Illinois Supreme Court Rules against the Nonconsensual Collection of Biometric Data

A legal dispute that started in 2014 finally ended late in January when the Illinois Supreme Court ruled that the theme park company Six Flags cannot collect biometric data from visitors without their consent.

The issue started in 2014 when plaintiff Stacy Rosenbach brought Six Flags to court for collecting her son’s fingerprint without her consent or even knowledge. But an appellate court judged that the collection didn’t cause any harm and consequently ruled against the complaint.

At that point, Rosenbach and her attorney, Philip Bock, still convinced of their case, decided to resort to the Illinois Supreme Court, which eventually sided with Rosenbach in a unanimous ruling.

BIPA

Six Flags’ behavior is clearly illegal in Illinois. According to the 2008 Illinois’ Biometric Information Privacy Act (BIPA), private companies are not allowed to collect biometric data unless they obtain consent in writing. The companies must also inform the person about the type of data that they will be collecting, how it will be stored, used, and shared.

BIPA was created to guarantee individuals’ right to control biometric data that can be used to identify them, such as fingerprints, iris and facial scans.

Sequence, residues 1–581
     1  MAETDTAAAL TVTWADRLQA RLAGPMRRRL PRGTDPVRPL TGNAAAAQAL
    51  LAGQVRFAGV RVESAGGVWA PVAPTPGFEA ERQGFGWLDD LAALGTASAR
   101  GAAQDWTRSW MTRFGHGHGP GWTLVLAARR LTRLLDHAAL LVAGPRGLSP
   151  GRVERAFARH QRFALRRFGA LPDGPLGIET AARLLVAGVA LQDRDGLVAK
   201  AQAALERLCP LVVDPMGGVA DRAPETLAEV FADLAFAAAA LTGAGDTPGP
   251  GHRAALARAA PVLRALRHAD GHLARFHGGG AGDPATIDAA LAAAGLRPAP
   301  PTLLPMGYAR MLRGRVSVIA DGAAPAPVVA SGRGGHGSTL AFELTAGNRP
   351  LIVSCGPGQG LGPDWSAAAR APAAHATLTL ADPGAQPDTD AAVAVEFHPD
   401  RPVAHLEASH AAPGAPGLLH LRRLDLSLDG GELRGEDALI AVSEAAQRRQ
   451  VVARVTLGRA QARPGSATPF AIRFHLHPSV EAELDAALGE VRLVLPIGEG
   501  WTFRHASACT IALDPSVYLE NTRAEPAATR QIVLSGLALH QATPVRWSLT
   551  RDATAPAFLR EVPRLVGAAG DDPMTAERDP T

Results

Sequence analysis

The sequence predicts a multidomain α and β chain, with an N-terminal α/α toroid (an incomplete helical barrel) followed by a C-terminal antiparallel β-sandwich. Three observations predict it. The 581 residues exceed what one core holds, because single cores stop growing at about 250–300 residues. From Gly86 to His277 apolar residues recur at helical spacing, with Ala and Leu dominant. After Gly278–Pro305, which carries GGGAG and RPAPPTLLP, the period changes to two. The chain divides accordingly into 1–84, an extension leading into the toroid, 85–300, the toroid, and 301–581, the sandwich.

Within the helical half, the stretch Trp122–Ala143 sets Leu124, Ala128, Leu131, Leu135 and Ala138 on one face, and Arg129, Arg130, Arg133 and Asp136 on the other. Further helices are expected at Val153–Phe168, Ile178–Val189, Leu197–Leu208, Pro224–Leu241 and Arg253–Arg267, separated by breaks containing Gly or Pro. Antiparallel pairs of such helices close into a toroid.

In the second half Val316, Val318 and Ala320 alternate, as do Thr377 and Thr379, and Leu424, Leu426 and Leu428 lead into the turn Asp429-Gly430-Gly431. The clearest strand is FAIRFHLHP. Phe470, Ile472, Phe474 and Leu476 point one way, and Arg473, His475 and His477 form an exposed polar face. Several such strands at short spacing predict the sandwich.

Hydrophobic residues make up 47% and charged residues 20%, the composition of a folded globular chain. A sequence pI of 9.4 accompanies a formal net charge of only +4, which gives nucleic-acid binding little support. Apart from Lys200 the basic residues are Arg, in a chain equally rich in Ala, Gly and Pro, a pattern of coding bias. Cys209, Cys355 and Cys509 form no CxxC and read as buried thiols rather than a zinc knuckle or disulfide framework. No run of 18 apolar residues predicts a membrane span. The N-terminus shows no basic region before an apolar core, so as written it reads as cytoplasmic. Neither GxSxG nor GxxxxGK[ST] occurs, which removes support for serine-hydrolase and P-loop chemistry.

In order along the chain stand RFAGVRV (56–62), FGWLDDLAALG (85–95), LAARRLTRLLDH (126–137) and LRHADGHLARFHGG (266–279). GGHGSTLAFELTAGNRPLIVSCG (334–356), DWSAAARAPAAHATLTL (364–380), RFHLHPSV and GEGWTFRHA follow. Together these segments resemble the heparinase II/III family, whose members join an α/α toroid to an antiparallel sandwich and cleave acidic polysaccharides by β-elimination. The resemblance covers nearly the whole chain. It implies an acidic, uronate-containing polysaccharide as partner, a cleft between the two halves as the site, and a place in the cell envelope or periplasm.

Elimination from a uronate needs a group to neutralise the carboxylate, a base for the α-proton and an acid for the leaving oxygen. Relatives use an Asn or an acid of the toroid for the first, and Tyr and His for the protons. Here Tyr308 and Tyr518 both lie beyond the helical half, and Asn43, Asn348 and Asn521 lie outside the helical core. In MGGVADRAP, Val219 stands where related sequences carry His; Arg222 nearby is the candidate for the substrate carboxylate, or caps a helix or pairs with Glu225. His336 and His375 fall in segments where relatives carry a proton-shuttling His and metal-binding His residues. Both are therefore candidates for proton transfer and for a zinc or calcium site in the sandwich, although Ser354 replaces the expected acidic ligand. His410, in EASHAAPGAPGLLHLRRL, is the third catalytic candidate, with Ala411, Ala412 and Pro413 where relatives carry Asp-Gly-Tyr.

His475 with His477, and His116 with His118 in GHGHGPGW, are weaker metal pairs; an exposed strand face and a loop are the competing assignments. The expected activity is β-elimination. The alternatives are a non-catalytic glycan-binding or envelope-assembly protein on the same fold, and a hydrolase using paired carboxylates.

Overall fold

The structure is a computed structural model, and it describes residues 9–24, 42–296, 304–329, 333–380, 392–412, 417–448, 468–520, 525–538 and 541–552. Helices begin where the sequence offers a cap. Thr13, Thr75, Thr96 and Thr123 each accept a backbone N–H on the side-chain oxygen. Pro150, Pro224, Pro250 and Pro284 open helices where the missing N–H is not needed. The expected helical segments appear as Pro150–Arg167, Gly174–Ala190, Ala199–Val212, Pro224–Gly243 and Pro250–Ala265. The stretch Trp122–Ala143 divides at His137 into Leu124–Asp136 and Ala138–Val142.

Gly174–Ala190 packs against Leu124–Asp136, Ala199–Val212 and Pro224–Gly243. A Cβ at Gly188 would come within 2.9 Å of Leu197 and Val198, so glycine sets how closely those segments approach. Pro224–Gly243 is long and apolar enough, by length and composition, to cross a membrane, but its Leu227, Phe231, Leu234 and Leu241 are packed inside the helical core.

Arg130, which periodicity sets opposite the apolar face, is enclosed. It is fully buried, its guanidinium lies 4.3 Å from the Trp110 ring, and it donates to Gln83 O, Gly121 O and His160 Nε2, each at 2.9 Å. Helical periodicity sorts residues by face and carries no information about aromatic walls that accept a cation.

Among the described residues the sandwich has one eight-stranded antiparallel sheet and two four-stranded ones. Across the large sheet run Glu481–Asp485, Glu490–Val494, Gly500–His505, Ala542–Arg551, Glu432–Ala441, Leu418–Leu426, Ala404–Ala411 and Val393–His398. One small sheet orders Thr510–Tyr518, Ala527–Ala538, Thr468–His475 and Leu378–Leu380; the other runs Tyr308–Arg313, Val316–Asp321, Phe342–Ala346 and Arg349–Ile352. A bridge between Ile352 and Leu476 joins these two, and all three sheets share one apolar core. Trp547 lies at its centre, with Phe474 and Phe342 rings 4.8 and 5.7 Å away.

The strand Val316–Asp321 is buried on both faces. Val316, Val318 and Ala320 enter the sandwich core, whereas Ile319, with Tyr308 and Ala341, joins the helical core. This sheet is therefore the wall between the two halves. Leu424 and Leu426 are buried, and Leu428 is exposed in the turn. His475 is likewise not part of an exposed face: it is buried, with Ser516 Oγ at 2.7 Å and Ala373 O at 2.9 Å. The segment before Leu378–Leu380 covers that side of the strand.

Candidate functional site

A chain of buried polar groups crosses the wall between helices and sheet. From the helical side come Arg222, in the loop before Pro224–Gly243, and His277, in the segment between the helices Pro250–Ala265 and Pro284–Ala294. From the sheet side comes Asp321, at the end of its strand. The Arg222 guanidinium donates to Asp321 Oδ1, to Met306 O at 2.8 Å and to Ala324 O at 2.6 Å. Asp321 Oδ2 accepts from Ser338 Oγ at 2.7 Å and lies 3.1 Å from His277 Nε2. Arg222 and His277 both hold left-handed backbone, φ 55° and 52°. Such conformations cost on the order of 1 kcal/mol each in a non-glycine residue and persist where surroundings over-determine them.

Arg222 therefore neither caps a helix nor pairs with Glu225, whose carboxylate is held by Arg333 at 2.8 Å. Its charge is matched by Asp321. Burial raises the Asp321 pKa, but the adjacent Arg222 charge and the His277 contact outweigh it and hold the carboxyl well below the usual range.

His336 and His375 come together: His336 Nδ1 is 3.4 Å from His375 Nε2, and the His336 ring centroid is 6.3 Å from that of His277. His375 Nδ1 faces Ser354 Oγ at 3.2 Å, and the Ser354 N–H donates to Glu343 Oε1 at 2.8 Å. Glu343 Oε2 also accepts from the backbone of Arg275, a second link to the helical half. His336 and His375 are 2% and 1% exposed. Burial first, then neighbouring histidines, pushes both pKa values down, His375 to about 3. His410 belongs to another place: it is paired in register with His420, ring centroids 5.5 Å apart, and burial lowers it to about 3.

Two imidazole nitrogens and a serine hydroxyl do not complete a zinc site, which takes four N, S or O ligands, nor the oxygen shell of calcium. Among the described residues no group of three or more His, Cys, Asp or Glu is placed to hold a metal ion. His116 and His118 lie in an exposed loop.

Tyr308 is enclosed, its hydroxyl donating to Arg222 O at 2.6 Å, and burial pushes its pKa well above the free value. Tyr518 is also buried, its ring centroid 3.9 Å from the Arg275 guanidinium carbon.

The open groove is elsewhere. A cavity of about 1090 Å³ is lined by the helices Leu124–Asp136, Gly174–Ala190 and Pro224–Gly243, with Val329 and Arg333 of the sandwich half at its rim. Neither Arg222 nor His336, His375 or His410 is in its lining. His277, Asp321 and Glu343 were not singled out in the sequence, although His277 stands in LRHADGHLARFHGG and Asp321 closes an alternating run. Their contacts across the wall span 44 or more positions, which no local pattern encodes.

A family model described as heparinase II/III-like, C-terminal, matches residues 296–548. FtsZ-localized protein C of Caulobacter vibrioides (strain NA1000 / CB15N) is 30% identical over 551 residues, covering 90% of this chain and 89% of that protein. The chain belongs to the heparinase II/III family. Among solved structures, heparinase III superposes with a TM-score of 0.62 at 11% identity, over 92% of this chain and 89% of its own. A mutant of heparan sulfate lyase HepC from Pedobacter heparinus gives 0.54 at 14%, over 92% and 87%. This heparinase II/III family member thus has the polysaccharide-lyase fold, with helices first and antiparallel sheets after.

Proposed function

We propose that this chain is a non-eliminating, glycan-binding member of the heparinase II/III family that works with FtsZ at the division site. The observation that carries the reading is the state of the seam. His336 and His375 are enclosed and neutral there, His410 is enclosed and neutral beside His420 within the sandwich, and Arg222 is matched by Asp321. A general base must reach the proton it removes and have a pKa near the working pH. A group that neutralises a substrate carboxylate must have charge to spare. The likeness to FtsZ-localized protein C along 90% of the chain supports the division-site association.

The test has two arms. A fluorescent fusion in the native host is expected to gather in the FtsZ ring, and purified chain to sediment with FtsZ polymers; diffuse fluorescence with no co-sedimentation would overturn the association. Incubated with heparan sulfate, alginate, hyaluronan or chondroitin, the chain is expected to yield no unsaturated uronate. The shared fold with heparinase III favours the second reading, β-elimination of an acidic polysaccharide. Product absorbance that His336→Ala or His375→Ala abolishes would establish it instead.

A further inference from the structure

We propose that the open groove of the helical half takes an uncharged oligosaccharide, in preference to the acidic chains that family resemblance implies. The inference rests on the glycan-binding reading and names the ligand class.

In response to Friday’s ruling, Senior Staff Counsel Rebecca Glenberg of the ACLU of Illinois issued the following statement:

Commenting on the ruling, Rebecca Glenberg, Senior Staff Counsel of the Illinois chapter of the American Civil Liberties Union (ACLU), said that the “(…) ruling protects Illinoisans’ right to control their own fingerprints, iris scans, and other crucial information about their bodies. This is exactly what the General Assembly had in mind when it enacted BIPA.”

“Your biometric information belongs to you and should not be left to corporate interests who want to collect detailed information about you for advertising and other commercial purposes,” she stated.

Not Everyone Is Happy

On the other hand, the Illinois Chamber of Commerce was displeased with the ruling, saying that it was “(…) disappointed with the Illinois Supreme Court’s ruling today in Rosenbach v. Six Flags reversing the Illinois Appellate Court’s ruling.”  Its president and CEO Todd Maisch claimed that he feared that today’s decision “will open the floodgates for future litigation at the expense of Illinois’ commercial health.”